WHAT STUCK-OUT TONGUES TELL US ABOUT THE BRAIN
Why imitation is good for you and for your baby.
It is quite common to hear parents say that they find the first days with their newborn boring.
It is also quite common to hear the same parents say that they find the first days with their newborn extremely stressful.
Does parenting immediately give you a double personality disorder, or is there something more to these affirmations?
Could it be that we waste some precious time being bored and then, when a problem comes up, we are totally unprepared to address it? Could we be doing exactly the same thing we used to do when we were 15, getting bored during class and arriving unprepared for the exam? Most excitingly, what if we discovered that “preparing for the exam” was actually a lot of fun?
It turns out that it is! Newborn babies are anything but boring: if you learn a few tricks and become a little bit more skilled at observing your baby, you start reading her signs more successfully and responding to her in a most fun and efficient way!
Forget about lists teaching you to decode your baby’s cry to understand whether she is hungry, tired, bored or overstimulated. First, it does not have to come to crying before you start paying attention to your baby’s cues. Second, a baby’s experience is a little more complicated than a four-options story anyway.
Instead, train yourself in empathy and mind-mindedness (the act of treating children as individuals with minds, whose acts are meaningful—motivated by feelings, thoughts, or intentions. Learn about it here.) And what better place to start than observing and imitating your child? It’s easy, it’s fun and it is incredibly useful.
Andrew N. Meltzoff, one of the most influential developmental psychologists of all times, knows this very well. In fact, he has built a career studying infant imitation and trying to figure out what it tells us about brain development. He famously stuck out his tongue at hours-old babies and they famously answered back (more here)! If you have 20 minutes and would like to hear him talk about his mind-blowing research, go ahead and watch the video below.
Neuroscientists still argue about whether imitation is an innate ability or rather something acquired through association and experience (read an excellent review here). As parents, we can sit back and let scientists carry on with their research until they find conclusive evidence regarding the onset and nature of imitation. In the meantime, we can already get on with the knowledge that imitation rocks! Babies enjoy it. They are entertained by it and, most importantly, they learn loads from it.
As parents, we can be aware that our newborn might not really be imitating us in the first few weeks. She might be coincidentally reproducing our facial expression or simply sticking out her tongue to any interesting sticking-out objects, as a precursor of a reaching action, or who knows what else. But we can live with this. Imitation games are still fantastic opportunities for us parents to get our observation skills going and to begin wondering what might be motivating our child’s actions.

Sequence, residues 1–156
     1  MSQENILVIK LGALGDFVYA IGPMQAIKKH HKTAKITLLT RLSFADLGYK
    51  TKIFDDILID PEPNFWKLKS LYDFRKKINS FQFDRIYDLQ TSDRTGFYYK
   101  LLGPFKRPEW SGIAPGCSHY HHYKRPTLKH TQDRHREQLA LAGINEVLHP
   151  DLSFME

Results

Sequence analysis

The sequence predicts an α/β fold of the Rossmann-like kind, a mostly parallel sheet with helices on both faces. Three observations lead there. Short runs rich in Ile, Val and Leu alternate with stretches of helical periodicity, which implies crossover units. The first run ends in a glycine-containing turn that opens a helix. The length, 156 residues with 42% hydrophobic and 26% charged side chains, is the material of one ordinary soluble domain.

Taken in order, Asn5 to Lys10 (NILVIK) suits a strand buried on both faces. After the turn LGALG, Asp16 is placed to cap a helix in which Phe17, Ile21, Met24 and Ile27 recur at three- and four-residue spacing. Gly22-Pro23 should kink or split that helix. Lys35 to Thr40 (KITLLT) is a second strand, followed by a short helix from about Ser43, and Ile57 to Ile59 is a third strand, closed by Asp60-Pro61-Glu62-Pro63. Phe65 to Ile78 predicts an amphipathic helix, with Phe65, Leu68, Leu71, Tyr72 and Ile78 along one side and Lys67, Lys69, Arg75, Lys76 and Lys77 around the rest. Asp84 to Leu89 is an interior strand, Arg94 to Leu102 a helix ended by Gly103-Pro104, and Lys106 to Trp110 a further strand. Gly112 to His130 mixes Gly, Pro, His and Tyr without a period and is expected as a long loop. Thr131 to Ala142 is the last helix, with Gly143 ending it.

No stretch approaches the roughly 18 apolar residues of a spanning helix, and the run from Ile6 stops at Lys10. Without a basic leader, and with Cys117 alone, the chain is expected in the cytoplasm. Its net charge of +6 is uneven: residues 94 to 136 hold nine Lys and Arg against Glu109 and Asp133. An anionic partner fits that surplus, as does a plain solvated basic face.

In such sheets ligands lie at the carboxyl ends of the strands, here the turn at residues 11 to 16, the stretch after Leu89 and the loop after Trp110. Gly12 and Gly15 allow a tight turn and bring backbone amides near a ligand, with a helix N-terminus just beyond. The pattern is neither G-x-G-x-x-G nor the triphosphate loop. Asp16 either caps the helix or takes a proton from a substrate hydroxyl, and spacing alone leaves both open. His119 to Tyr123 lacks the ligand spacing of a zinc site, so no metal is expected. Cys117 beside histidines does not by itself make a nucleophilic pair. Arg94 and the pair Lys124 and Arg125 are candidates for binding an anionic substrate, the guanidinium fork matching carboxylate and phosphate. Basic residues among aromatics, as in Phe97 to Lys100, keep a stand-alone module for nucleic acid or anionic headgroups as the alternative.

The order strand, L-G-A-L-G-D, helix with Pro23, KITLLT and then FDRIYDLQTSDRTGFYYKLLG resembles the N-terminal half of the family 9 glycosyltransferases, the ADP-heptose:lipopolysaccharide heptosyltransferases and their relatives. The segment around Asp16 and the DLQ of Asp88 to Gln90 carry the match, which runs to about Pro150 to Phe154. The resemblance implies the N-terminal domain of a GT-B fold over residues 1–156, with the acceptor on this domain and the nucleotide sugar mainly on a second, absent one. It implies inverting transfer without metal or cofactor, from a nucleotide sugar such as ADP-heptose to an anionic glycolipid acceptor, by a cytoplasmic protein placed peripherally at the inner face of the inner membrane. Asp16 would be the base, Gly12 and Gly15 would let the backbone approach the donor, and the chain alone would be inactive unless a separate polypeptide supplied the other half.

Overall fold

If we regularly stimulate our children and gradually learn what they are able to copy as they develop, we will learn a lot about who they are and what they can do. This will inform us about what is reasonable to expect from them, what they like and dislike and how they usually react to certain stimuli.
This information is incredibly useful when it comes to nurturing your child’s thirst for knowledge: humans learn most from stimuli they are interested in. Knowing what she likes will empower you to follow your child’s interest and feed her what she is ready to learn (more on this in a further post on motivation).
Knowing where your child is in terms of motor and social development also comes in very handy for crisis prevention and resolution. First, it will enable you to set your expectations and demands at an appropriate level, avoiding understimulation (hence boredom and frustration) and over-demandingness (hence stress and disappointment). Second, it will help you offer your child comfort and distraction in the unavoidable moments of distress.
To guide you through this and many more activities for you and your baby in her first year of life, a new app is about to be launched. Have a look here if you are interested and would like to request your copy. Fun and satisfaction along the way are guaranteed!
To sum it all up, forget about decoding your child’s crying and get going with imitation, empathy and mind-mindedness!